John Stronach was born in Edinburgh in 1810 and studied at Glasgow Theological Academy. Serving with the London Missionary Society, he arrived in Singapore in March 1838 with his wife, Margaret, and brother, Alexander. He worked as secretary for the Singapore Tract and Book Society, helped with English services, and worked on translating the New Testament into Malay, while Margaret ran a Malay girls’ school.
His close friend, Samuel Dyer, joined him in Singapore in 1842. They fit together “like the pinions of a clock” (Broomhall). Stronach sailed with Dyer and Alexander to Hong Kong on July 18, 1843 (a month after the Treaty of Nanking) to attend the LMS Conference of Missionaries and the Convention of Missionaries on Bible Translation. Stronach and Dyer both fell ill that year with malaria, which eventually took Dyer’s life, while Stronach was spared. John and Alexander buried Dyer next to Robert Morrison in Macao and wrote to his loved ones about his last hours.
In 1844, the Stronach brothers and their wives moved to a new mission station in Amoy (Xiamen). Working along with Alexander and William C. Burns, and joined by Carstairs Douglas, he pioneered a vibrant Chinese church there, which at fifty-two members was the largest of all the Chinese congregations at the time. He worked closely with the American Board of Commissioners of Foreign Missions (later the Board of Foreign Missions of the Reformed Church in America), and they made their cooperation official in 1855. One of the few early converts resigned from his post as a military official to become a preacher for thirty-eight years. Seventy-seven were baptized in 1855. Margaret passed away on her way to England in 1846, but John continued serving there for a total of thirty-eight years, leaving only from 1847-1853 to work on Bible translation in Shanghai. Though he began on the Delegates’ Committee, after disputes over translation, he joined Medhurst and other LMS missionaries in translating the New Testament into Mandarin. It was completed in 1857, but was soon superseded by a more accurate version.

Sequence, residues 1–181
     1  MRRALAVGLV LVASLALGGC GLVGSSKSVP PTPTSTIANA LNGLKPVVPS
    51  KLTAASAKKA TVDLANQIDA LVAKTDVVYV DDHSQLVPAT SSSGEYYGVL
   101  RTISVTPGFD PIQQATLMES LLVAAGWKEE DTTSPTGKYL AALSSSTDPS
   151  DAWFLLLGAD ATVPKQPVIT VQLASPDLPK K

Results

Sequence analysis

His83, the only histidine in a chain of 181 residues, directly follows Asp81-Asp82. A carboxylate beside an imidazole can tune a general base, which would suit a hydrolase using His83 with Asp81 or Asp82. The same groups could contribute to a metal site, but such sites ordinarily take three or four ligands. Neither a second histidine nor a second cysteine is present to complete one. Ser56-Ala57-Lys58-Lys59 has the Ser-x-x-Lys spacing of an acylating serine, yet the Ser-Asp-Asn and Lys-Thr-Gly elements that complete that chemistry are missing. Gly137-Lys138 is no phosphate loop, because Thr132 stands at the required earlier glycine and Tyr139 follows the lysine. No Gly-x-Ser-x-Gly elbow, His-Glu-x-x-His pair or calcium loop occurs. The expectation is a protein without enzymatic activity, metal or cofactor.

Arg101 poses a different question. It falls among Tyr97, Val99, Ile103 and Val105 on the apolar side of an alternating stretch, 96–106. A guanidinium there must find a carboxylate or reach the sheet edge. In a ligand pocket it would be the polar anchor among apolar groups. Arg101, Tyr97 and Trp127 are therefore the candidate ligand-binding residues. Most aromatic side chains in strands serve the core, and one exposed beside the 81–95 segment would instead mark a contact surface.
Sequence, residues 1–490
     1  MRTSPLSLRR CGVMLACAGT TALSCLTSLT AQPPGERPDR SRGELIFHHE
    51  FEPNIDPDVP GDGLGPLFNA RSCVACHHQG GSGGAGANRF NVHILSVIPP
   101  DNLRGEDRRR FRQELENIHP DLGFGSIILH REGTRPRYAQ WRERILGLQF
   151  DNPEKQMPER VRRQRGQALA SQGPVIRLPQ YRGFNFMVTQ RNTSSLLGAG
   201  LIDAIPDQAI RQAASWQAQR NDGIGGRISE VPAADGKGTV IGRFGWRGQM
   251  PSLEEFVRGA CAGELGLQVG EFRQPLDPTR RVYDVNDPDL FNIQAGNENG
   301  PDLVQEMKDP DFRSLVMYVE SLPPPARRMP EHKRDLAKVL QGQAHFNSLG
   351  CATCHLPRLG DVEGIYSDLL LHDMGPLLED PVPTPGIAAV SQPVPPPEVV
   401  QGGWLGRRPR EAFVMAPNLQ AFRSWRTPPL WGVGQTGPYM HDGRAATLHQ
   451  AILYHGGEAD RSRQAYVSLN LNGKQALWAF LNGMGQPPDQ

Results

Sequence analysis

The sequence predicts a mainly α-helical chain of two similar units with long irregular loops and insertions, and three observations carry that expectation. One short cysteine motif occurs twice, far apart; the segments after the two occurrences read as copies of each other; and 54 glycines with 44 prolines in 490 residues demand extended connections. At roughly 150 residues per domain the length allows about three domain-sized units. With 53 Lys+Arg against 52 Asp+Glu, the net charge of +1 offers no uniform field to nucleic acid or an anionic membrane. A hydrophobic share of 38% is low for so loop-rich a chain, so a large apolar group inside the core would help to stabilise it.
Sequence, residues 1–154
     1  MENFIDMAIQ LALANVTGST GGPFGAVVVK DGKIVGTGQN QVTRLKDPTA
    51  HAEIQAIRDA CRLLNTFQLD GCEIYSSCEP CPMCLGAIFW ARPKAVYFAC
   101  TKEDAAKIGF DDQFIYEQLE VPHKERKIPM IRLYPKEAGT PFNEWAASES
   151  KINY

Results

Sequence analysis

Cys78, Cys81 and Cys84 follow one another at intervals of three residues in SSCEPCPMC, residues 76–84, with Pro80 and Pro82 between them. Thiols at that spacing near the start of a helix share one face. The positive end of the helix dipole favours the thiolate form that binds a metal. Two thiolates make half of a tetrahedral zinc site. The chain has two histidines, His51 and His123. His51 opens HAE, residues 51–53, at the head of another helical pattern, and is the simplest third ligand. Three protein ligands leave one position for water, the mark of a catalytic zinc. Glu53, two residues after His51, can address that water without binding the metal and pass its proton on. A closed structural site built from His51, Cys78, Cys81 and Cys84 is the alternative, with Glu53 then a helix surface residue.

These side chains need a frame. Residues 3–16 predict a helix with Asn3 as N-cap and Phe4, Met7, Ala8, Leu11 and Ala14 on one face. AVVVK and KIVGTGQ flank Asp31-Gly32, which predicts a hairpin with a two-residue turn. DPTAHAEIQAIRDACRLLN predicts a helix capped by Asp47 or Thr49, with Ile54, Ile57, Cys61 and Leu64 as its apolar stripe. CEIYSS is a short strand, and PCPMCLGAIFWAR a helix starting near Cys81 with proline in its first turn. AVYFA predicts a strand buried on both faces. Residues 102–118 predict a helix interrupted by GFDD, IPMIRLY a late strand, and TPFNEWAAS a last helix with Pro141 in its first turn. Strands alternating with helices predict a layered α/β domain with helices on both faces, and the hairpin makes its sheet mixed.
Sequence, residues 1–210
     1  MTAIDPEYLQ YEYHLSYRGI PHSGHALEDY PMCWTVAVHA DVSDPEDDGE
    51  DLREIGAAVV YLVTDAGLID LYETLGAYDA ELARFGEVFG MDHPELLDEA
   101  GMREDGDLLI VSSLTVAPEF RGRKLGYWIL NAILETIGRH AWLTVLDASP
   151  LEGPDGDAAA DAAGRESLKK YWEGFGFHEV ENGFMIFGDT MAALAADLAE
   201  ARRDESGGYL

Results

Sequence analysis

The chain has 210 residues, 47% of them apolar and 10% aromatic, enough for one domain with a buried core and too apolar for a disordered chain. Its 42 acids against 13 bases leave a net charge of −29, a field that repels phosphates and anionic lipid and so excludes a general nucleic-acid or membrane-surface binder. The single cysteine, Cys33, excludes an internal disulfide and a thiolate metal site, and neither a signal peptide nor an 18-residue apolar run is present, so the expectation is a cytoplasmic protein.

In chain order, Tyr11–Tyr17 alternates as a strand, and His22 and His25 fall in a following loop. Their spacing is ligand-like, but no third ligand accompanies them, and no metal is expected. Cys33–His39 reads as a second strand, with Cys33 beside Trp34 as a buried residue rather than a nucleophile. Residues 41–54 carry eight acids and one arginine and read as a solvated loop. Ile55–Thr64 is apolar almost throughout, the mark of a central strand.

Stronach was a gifted, scholarly man who had mastered the Chinese classics. He was able to paraphrase scripture in rhythmic idiomatic wen-li and defend the faith by quoting Chinese classics when educated Chinese disputed with his sermons. He worked for 30 years without taking furlough, then retired to Philadelphia, Pennsylvania in 1878, where he died in 1888.
- A.J. Broomhall, Hudson Taylor and China’s Open Century: Barbarians at the Gates, 277-8, 280, 308-9, 407.
- A.J. Broomhall, Hudson Taylor and China’s Open Century: Over the Treaty Wall, 162.
- A.J. Broomhall, Hudson Taylor and China’s Open Century: If I Had A Thousand Lives, 37-8.
- A.J. Broomhall, Hudson Taylor and China’s Open Century: Survivor’s Pact, 220.
- Kenneth Scott Latourette, A History of Christian Missions in China, 246, 262, 264, 430.
- John Roxborough, “Stronach, John,” Biographical Dictionary of Christian Missions, ed. Gerald H. Anderson, (1998).
- R.G. Tiedemann, Handbook of Christianity in China, Volume Two: 1800-present, 153-4.